It's one thing to say someone is innocent until proven guilty - but in the political world where optics can trump guilt or innocent, Senator Smith has already taken some hits.
After the story broke, state senators returned to town on Tuesday. It was the first time the news media could seek reaction to the mess their colleague found himself in.
First the speculation. Would Mr. Smith show up for work?
Answer: His office was locked. His car was not in the capitol parking lot and when they took attendance Tuesday morning, he was the only no-show. There were obvious concerns that if he attended session there would be a "media circus", so the senator was advised to lay low and nobody knows if and when he will show up on the senate floor.
The senate GOP leader Arlan Meekhof took the first step to tap down the story by advising his Republican colleagues not to avoid the media like the plague. Later, through, an aide suggested maybe the senator should consider stepping down.
Senate Democrats talked about it, too, behind closed doors but minority leader Jim Ananich was a stand-up guy and granted an interview. He seemed to reflect the sentiment on both sides of the aisle; he would not be stampeded to make a rush judgement on his fellow Democrat. Everyone acknowledged that all the facts where not in, and this was at the moment a classic "he said, she said" story that was not going away anytime soon.
This let's-not-rush-into-anything changed for Mr. Ananich when Wayne County Prosecutor Kim Worthy unloaded on Mr. Smith. Felonious assault; malicious destruction of personal property; domestic violence assault/battery; and felony firearm charges.
Once Mr. Ananich heard that he took swift action. Without asking for a vote from his 10 colleagues, he removed Mr. Smith from his five committee assignments and took away his caucus leadership post. The leader said he wanted to make sure the citizens in the 4th senate district had effective leadership but removing their senator from those committees meant they would have no representation.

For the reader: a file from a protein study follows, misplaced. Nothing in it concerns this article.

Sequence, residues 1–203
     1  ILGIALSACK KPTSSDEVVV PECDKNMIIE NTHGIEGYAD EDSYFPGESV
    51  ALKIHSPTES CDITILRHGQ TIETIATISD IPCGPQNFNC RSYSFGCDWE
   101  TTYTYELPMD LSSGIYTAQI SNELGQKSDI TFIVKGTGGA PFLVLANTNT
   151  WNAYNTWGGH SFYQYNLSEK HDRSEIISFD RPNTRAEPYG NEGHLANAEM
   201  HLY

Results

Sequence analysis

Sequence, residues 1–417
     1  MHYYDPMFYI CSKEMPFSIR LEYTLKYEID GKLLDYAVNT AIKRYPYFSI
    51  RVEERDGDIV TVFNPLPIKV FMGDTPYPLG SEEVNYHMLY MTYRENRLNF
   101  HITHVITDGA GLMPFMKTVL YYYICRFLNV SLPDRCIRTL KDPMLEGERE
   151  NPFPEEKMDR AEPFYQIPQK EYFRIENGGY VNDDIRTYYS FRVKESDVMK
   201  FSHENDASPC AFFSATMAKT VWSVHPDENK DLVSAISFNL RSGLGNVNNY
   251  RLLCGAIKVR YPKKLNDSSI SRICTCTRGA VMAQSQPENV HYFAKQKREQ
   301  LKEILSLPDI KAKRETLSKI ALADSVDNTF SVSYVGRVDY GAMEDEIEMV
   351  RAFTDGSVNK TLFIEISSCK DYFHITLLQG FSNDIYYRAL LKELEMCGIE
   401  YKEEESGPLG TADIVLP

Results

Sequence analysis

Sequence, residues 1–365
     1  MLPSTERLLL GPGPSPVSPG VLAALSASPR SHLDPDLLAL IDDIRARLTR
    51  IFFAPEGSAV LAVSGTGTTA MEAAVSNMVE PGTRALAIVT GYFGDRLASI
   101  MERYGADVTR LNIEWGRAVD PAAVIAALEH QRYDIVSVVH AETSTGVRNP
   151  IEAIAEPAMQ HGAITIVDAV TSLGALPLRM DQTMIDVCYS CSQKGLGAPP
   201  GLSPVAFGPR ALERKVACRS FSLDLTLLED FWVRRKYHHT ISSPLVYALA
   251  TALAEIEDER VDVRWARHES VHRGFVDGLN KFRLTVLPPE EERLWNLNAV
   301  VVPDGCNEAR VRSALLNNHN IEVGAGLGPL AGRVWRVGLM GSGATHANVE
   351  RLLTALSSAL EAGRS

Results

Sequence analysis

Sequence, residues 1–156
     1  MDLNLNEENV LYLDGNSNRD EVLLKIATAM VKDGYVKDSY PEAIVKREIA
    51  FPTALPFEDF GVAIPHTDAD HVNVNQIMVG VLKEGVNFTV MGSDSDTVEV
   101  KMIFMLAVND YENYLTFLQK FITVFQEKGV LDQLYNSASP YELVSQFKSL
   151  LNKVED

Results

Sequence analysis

Why the change of heart?
The Flint Democrat explains he wanted to place Democrats on those five committees since it was unclear if Senator Smith would ever show up. "He needs to focus on his legal challenges," Mr. Ananich advised his colleague. "I'm hopeful he gets the counseling help that he needs and this legal matter gets dealt with..."
Hours later, word reached the media that the senate D leader had thought about calling for an expulsion hearing within two weeks. "Everything is on the table, but we are early in the process," he explains. He quickly knocked down as "untrue" the speculation that he would order the ouster hearing.
At least one legal source confides that is the right strategy. No one in the legislature is fond of voting a colleague out of office. They have done it, to be sure, but it's an ugly process but by holding off on a hearing, it's possible senators may be taken off the hook by the prosecutor. There's speculation that she may work a plea bargain with the senator and resignation could be part of that deal. There's no way to confirm any of this but in the past, as in the example of former Sen. Joe Mack, that's exactly what came down.
There's also some speculation about a new state law, the Kwame law named after you know who. If a public official is convicted of a crime, but was not acting as a public official at the time, explosion could be avoided.
At this read, no additional action appears to be in the offing as the legal process unfolds. Of course, all that would dramatically change for senators, if their former colleague decides to show-up for work. Then what?
It's a good bet they are hoping that never happens.